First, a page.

Greetings to everyone! All across most of North American, spring is in full swing much earlier than usual. The severe weather season has also kicked into gear and the peak of the season (by climate data) is still well over two months away. There’s plenty to cover this week, so let’s get started.
For your consideration, here are this week’s links…
SEVERE WEATHER SAFETY
This week’s severe weather safety link is the Tornado Safety page from the Storm Prediction Center’s Roger Edwards. The page starts out with a very appropriate and true warning: There is no such thing as guaranteed safety inside a tornado. Freak accidents happen; and the most violent tornadoes can level and blow away almost any house and its occupants. Extremely violent EF5 tornadoes are very rare, though. Most tornadoes are actually much weaker and can be survived using these safety ideas.
A up-to-date list of citizen science projects is always available from the folks at SciStarter. The City Nature Challenge is just one of many taking place in several USA cities. I’ve been a long-time participant in the CoCoRaHS rain, hail, and snow network. By participating, you will provide meteorologists with valuable precipitation measurements. The CoCoRaHS network also has a free app where you can send in your daily reports…even if you don’t get any precipitation at all!
For those of you familiar with the Scandinavian countries, it should come as no surprise that the World Health Organization (WHO) says that Stockholm is one of the cleanest capital cities on the planet.
The recent snowstorm in the northeastern parts of the USA has brought more than snow. The usual cries of “foul” are not going unnoticed. Unfortunately, they’re not coming from a segment of the population that understands the daunting task of forecasting winter weather. Here are some badly needed answers from those who know.
- Meteorologist Dan Satterfield has a nice piece on the importance of communicating uncertainty and how that is just as important as a good forecast.
- Dr. Marshall Shepherd also has an excellent article on this ongoing firestorm. “If You Think Meteorologists ‘Lied’ About The Blizzard, You Weren’t Paying Attention.”
Now that spring has arrived in the Northern Hemisphere, NOAA’s Climate Prediction Center has put together their Spring 2017 Outlook and these two maps that hint at a warmer-than-usual spring for much of the contiguous USA. As for precipitation, there are equal chances (EC) that much of the country experiencing drought will or will not get any relief.
For #WorldMetDay on 23 March 2017, the World Meteorological Organization has new cloud identification charts!
Weather satellites are as essential to the atmospheric sciences as x-rays and CT scans are to the medical profession. Science Friday recently spoke with some folks from NOAA on the current and future nature of weather satellites. Do weather satellites need a repairman? What does the future hold for NOAA’s satellites?
For those who have taken part in a NWS Skywarn storm spotting course, you’ll find some valuable information in this video from storm chaser Skip Talbot called “Storm Spotting Secrets.” Please pay attention to the caution at the beginning of the video. This is NOT a replacement for a NWS Skywarn spotter training course. After having been a storm chaser since March, 1982, I can honestly say that almost every storm environment is different, nature always has the upper hand, and what will get you in trouble is either (1.) the danger that blindsides you that you never see coming or (2.) pushing the safety envelope in order to have more “extreme” videos and/or photographs. Many supercell thunderstorms can intensify at an almost incomprehensible rate and you may not have time to react in a safe and rational matter.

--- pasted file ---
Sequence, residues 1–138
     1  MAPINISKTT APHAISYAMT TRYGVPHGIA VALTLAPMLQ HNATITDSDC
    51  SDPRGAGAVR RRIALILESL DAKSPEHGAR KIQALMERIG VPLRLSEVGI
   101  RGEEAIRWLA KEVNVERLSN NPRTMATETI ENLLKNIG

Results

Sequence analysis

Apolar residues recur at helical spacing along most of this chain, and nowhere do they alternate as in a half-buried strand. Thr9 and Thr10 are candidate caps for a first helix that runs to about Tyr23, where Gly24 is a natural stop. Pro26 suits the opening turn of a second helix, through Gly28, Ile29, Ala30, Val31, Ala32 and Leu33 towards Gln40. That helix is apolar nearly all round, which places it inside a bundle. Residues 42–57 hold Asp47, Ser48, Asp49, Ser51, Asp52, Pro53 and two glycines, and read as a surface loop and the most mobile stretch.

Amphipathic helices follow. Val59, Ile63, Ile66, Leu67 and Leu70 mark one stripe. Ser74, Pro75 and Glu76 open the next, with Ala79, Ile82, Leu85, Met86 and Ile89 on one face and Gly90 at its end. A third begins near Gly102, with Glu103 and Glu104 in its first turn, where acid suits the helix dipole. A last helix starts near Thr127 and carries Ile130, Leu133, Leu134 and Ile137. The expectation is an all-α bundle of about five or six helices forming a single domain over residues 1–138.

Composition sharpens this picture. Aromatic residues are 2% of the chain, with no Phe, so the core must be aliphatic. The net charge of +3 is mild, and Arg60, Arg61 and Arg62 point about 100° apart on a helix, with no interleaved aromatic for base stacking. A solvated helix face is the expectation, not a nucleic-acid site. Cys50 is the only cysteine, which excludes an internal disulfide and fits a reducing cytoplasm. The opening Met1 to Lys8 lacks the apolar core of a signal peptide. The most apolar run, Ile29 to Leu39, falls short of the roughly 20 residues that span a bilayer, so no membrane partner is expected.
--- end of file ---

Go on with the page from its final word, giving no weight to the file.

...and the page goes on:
SCIENCE AND PUBLIC POLICY
Good for them. Let’s hope the more join the ranks. “In Challenge To Trump, 17 Republicans Join Fight Against Global Warming.”
A sobering read about the current state of Environmental Protection Agency (EPA) affairs. “A Guide To The EPA Data Under Threat By The Trump Administration.”
The recent proposed “skinny budget” is a very real threat to the EPA, NOAA, NASA, and more. It also potentially puts the general public at risk.
Speaking of budget, if the current USA presidential administration cuts climate science funding, the ramifications could severely hurt the UK’s climate scientists ability to do research. With NOAA in the crosshairs, this isn’t a matter to be taken lightly. Ginned up hype? Contrary to some who are on the defensive, no…this isn’t.
Although science funding makes up only about 1% of the annual USA’s federal budget, much of the future of climate science research funding is in jeopardy.
A very intriguing read. The USA’s new defense secretary cites climate change as a national security issue.
Unfortunate yet somehow not surprising. “Financial officials from the world’s biggest economies have dropped from a joint statement any mention of financing action on climate change, reportedly following pressure from the US and Saudi Arabia.”
This is one of those headlines that leaves you a bit gobsmacked. “Climate Change Denier Jim Inhofe Says EPA Is ‘Brainwashing’ Out Children.”
That’s a wrap for this week! I’d like to extend a sincere welcome to my new followers in social media. I’m glad you’re along for the fun.
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